Writing articles to Przegląd Socjalistyczny, Kalecki worked on his business cycle theory, and that work resulted in the publication in 1933 of a booklet entitled Próba teorii koniunktury (Essay on the Business Cycle Theory), published by Institute for Business Cycle and Price Research, which at that time employed the author (Kalecki 1990 a, 65-108). It formally included only the cycle theory, which, however, constitutes a new macroeconomic theory, similar to the one put forward later by Keynes. Kalecki based his theory on specific assumptions, and presented it in a precise mathematical model. He disregarded the issue of the economic growth, assuming that each cycle ends up in the return to the previous state. He also assumed that the supply of ready-made goods during the cycle is permanent, workers consume their whole income, whereas capitalists invest from the profits they receive and earmark the remaining profit for consumption. The size of the production depends on the investment demand, which is made up of the workers’ consumption, capitalists’ consumption, and accumulation of gross capital (i.e. including the replacement of used assets). Fluctuations of the production size depend on the size of investment, which, in turn, follows profit fluctuations. During the cycle, an increase in profits leads to more orders for capital goods, which, however, will be delivered only after some time. More capital increases the production, employment rate and income, which increases profits, leading to further orders. Due to the delay between the order and delivery of capital goods, the biggest capital growth takes place once profits have already fallen. Consequently, while at the peak of the business cycle the accumulation of the capital exceeds the needs connected with its replacement, then during the depression the supply of capital goods are too small to replace the capital. It seems that the delay between the order and delivery of the capital played an important role in Kalecki’s model. As regards this issue, he cited an article published earlier by Jan Tinbergen, in which similar delays were interpreted as a cause of business cycle fluctuations in the shipbuilding industry. Moreover, Kalecki noticed similarities between his theory and the previous cycle theory developed by French economist Albert Afatalion. Let's point out that in Kalecki’s model what is the main pro-cycle factor is fluctuations of investment, which result from the capitalists’ reaction to changes in the profit rate. Kalecki also noticed a potential role of the interest rate, but in order to simplify the model he assumed that we, all the time, deal with the market rate, which is itself the function of the profit rate, i.e. there is no central bank intervention. Recognising the investment decision as the main factor which determines changes of the total production and the open use of the principle of effective demand were one of the basic elements of Keynesian macroeconomics, which was presented in his General Theory of Employment, Interest and Money, published in January 1936. However, contrary to the Keynes theory, Kalecki’s work of 1933 did not include the monetary theory, explanation of the interest rate and the theory on the function of consumption (which was replaced by the assumption that workers consume their whole income). It can be said that the Keynes’s book included a more developed theory than Kalecki’s concise work. However, the latter was more precise and coherent than the work by the British scholar. This is due to the fact that in the case of Keynes the polemical talent outweighed the theoretical precision, which led to the legendary ambiguity of the General Theory and a vast number of its interpretations.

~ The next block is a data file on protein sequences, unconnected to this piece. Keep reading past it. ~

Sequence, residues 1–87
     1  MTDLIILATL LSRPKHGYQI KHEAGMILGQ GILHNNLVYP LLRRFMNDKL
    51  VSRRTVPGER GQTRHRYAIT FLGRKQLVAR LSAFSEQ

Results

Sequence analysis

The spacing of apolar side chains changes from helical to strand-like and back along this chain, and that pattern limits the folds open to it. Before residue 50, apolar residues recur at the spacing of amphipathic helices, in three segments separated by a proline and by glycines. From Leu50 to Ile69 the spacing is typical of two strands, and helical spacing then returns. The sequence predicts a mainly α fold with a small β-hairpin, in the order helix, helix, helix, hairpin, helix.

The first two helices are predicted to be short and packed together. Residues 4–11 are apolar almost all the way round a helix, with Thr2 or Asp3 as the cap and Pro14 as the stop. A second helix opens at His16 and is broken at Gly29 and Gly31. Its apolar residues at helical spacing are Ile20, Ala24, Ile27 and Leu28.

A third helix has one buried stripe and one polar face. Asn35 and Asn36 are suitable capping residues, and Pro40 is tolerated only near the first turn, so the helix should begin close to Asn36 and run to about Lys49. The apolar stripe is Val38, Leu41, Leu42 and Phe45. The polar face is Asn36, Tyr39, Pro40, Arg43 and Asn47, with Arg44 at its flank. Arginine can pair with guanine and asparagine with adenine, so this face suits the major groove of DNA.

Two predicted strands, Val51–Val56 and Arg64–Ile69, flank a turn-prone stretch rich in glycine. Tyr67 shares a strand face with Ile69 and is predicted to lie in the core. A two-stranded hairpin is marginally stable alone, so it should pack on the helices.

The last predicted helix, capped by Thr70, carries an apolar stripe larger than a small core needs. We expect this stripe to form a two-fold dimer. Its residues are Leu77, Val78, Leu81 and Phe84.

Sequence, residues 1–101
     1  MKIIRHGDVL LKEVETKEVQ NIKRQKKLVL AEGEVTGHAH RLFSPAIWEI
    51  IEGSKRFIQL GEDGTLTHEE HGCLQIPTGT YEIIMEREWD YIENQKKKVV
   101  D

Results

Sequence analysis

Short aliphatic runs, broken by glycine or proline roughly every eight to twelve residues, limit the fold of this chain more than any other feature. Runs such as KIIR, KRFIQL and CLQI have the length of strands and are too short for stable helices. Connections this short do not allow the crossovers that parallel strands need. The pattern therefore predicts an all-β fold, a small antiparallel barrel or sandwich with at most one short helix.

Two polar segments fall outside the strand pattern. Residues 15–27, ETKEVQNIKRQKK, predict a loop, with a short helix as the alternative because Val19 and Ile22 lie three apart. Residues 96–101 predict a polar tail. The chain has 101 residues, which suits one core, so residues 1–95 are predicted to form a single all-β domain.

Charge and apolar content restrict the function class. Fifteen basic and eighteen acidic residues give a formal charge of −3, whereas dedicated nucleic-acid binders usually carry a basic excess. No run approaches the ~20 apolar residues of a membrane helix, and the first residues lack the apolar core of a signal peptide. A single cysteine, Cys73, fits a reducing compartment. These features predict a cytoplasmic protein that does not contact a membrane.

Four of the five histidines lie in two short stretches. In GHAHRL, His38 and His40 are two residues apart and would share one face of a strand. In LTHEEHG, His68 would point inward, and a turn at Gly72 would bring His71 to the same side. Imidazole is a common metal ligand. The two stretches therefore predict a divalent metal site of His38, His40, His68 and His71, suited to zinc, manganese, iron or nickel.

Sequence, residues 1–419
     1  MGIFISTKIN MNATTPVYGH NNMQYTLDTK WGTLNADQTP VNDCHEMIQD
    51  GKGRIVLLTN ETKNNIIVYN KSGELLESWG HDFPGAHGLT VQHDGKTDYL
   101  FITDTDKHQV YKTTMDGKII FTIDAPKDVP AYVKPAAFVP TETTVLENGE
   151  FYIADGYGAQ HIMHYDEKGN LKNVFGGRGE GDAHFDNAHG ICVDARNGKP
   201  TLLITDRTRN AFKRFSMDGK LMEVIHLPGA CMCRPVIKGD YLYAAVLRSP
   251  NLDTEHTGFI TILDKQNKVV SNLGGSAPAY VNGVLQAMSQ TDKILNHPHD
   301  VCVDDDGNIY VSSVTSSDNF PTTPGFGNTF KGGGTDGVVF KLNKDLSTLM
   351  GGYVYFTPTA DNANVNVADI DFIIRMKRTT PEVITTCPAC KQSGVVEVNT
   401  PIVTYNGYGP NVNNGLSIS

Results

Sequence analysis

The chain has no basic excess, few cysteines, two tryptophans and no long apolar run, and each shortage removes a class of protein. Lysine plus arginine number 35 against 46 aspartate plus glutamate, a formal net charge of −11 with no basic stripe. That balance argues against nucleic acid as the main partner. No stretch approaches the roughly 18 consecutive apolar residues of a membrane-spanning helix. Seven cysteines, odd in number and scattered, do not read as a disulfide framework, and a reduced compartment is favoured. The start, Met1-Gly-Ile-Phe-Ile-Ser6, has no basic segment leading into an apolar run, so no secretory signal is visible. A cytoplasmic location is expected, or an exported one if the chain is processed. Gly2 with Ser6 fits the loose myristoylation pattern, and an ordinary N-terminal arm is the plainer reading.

From today's perspective, Kalecki’s theory was an important scientific achievement (Sawyer 1985; Lopez, Assous 2010; King 2002, 35-65). It was not noticed by his contemporaries, so there was no debate about the new theory, because in general Polish scientists completely did not understand Kalecki’s point, and he was ignored abroad. Despite the legend repeated until today it was not caused by the fact that Próba teorii koniunktury was published in Polish. In the same year Kalecki presented its German version at the convention of econometrists in Lejda, and then it was published in French and English. If the publication of a new macroeconomic theory in three main congress languages was not able to draw economists’ attention to it, the reason must have been that the author was quite unknown. In addition, due to the fact that he used a different, advanced mathematical form the older generation of economists did not understand the content of Kalecki’s works. On the other hand, Keynes’s General Theory immediately became the subject of heated debates, as its author for some time had already been one of the most famous economists in the world. Kalecki expected that the new economic theory will be created in Sweden, which is where he went in 1935, after receiving a grant from Rockefeller foundation.. In Sweden he read Keynes’s treaty, and immediately went to the Great Britain to meet the author. However, Keynes was quite disgusted with Kalecki, and did not feel like looking for similarities between Kalecki’s theory of business cycle and his own macroeconomic theory. After spending some time in Cambridge, Kalecki settled down in Oxford, where during World War II he worked at Oxford Institute of Statistics. Kalecki’s works were published in the best English language economics journals, but for a long time he was perceived as a person who popularised Keyner rather than a highly original and creative theoretician of economics. One could say that the fact that he was from Poland was not the main reason which prevented Kielecki from gaining recognition, but it, undoubtedly, contributed to him being ignored by the Western European elites.